McLaren’s 720S is a searingly fast, scalpel-sharp hypercar that triggers all the senses, so it is no surprise it has scooped up a hatful of awards and accolades since its 2017 launch.
Almost seven years down the road, it is time for a successor to take over the baton from the best-selling car that McLaren has built to date. However, as there really isn’t a whole lot wrong with the 720S, creating a mid-cycle replacement for such a lauded vehicle presented a dilemma.
McLaren could have taken the easy path and rolled out a mildly nip-tucked version of the former with a couple of minor cosmetic changes. At face value, that might appear to be the case as the new 750S has not changed much externally. Even so, it represents a comprehensive revamp as McLaren claims 30 per cent of its components are new.
The 750S is lighter, more potent and dynamically sharper than its predecessor, and the user interface has also been improved to provide clearer graphics and make it easier to navigate through the various functions.
The 720S was already a much lighter car than any of its rivals, yet McLaren has found ways to pare even more kilos from its girth; the 750S coupe weighs just 1,389kg with all fluids on board (30kg less than the 720S) and the drop-top Spider is only 49kg heavier than its fixed-roof sibling at 1,438kg.
The trusty M840T 4.0-litre twin-turbo V8 has also come in for a thorough rework. It is equipped with higher pressure turbos, new twin fuel pumps and a lightweight sports exhaust system to produce 750hp at 7,500rpm and 800Nm of torque at 5,500rpm compared to 720hp and 770Nm for the 720S.
Apart from being 2.2kg lighter than before, the new centre-exit exhaust system has also been configured to belt out – in McLaren’s words – a “more emotional” soundtrack than the 720S.
With so much power and torque and so little weight to shift, it is hardly surprising the 750S nails down stunning acceleration numbers. The coupe dispatches the sprint from 0-100kph in just 2.8sec and 0-200kph in 7.2sec.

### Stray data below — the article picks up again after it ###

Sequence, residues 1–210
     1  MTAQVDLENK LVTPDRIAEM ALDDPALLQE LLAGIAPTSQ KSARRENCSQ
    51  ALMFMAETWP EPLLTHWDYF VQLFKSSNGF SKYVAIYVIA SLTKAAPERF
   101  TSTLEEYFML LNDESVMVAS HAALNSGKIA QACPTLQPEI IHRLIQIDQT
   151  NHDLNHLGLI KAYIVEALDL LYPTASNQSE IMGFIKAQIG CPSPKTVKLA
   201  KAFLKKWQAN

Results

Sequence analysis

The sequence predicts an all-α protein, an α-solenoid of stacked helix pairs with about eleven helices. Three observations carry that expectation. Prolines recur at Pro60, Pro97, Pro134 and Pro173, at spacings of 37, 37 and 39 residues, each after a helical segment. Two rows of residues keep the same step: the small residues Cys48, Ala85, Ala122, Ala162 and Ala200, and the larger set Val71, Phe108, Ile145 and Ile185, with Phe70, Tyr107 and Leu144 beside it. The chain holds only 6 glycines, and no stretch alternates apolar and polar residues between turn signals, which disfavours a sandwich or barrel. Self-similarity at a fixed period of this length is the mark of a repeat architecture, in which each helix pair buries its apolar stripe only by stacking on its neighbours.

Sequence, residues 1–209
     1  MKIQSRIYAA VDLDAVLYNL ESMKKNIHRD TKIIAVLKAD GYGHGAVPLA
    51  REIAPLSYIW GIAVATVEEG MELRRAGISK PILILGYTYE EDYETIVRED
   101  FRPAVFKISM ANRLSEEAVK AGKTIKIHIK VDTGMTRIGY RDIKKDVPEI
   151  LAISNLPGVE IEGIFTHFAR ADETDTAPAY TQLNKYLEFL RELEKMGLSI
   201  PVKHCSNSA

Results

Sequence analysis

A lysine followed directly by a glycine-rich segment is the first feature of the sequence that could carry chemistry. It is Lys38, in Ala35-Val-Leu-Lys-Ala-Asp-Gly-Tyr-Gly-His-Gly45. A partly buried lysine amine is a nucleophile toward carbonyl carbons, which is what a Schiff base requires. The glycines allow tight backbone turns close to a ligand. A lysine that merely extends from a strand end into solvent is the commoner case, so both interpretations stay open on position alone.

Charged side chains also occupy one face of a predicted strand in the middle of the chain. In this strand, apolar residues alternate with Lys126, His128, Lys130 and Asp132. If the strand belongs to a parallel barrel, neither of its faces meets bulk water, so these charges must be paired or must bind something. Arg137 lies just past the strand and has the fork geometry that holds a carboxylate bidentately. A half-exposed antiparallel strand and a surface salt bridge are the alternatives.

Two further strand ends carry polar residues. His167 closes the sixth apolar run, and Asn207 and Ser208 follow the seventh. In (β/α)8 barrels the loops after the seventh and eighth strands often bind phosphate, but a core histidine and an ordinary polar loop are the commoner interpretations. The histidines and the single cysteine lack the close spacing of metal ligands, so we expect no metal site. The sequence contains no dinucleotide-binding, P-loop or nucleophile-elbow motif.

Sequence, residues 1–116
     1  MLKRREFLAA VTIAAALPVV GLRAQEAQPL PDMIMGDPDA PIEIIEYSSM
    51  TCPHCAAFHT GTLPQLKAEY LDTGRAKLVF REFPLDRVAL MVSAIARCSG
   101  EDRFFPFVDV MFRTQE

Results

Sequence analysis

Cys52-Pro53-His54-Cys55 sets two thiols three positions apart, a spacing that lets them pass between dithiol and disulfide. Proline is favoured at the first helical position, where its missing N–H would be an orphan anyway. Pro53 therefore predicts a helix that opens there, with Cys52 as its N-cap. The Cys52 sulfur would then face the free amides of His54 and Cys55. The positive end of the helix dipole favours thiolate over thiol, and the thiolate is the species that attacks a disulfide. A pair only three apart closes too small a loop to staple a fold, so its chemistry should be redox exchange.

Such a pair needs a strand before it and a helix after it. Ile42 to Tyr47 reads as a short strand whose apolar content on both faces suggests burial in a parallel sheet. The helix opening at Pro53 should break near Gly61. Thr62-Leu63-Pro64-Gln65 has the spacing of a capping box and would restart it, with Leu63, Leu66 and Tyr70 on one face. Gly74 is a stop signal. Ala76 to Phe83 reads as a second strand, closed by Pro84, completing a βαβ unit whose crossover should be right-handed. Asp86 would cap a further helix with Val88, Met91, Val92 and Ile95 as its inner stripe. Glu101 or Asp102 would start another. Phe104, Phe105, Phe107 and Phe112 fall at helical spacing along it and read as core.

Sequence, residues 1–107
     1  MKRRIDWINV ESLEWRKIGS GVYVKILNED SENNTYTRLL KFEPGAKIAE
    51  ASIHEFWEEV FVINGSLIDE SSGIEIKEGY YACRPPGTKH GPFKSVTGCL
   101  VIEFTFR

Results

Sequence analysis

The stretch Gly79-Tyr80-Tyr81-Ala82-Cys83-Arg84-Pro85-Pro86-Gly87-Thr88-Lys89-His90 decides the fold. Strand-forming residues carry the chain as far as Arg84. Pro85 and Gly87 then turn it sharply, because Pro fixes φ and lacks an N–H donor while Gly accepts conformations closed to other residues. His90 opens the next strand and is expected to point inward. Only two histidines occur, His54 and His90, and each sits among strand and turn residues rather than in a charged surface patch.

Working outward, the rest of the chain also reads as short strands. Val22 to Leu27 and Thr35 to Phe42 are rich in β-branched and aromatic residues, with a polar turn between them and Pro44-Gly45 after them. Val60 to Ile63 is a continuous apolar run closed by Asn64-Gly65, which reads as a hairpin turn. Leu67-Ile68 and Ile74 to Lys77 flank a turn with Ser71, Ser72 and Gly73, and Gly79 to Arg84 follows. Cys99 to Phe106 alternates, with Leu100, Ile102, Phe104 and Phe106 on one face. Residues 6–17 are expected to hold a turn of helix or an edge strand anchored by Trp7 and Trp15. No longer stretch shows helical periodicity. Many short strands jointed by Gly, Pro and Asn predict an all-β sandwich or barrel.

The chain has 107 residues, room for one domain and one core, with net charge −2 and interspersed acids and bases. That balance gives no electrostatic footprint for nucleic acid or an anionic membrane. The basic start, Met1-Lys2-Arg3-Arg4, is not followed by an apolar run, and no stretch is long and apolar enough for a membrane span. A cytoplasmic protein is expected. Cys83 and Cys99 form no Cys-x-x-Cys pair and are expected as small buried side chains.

My first on-road stint is in a 750S Spider and first impressions are dominated by the panoramic view from the driver’s seat. Not only is front and lateral vision unimpeded by blind spots, even the view out the back – normally a particular weak point in mid-engined supercars – is exemplary.
The 750S doesn’t throw up any histrionics at pootling speeds in traffic. The twin-turbo V8 is decently tractable at low revs, the seven-speed dual-clutch transmission shunts through ratios unobtrusively, and ride quality is remarkably compliant for a car with such blistering racetrack pace.
A subsequent stint in the coupe across the same road loop reinforces the impressions gathered earlier. The 750S can devour winding roads once the traffic thins out yet doesn’t tax all your senses when you are stuck in a bumper-to-bumper grind in inner-city environs.
You need access to a racetrack to fully tap into the dynamic abilities of the 750S and, as luck would have it, we have the 4.2km Circuito do Estoril at our disposal in the afternoon.
The 750S is a monstrously fast car and the unrelenting fashion in which it piles on speed is eye-opening. We see almost 280kph on the digital speedo readout before the huge carbon-ceramic brakes are called upon to slow the car down for Turn One – a slow-ish third-gear right-hander.
In addition to its raw pace, there is a delightful delicacy to the McLaren’s pin-sharp responses. The hydraulically assisted power steering delivers textured feedback that you simply don’t get with the electrically assisted systems that have been adopted across the board by other brands.
The car we drove on track was equipped with optional Pirelli Trofeo R semi-slick tyres, which serve up high cornering limits, but you still need to be patient on the throttle on corner exits as 800Nm is a lot to put down on the tarmac via just two contact patches.
All in all, the 750S represents a comprehensive and carefully considered revamp of the already capable 720S. Apart from being one of the fastest, most engaging offerings in its segment, it undoubtedly sets the hypercar benchmark in terms of day-to-day comfort and usability. Life just got tougher for Ferrari, Lamborghini et al...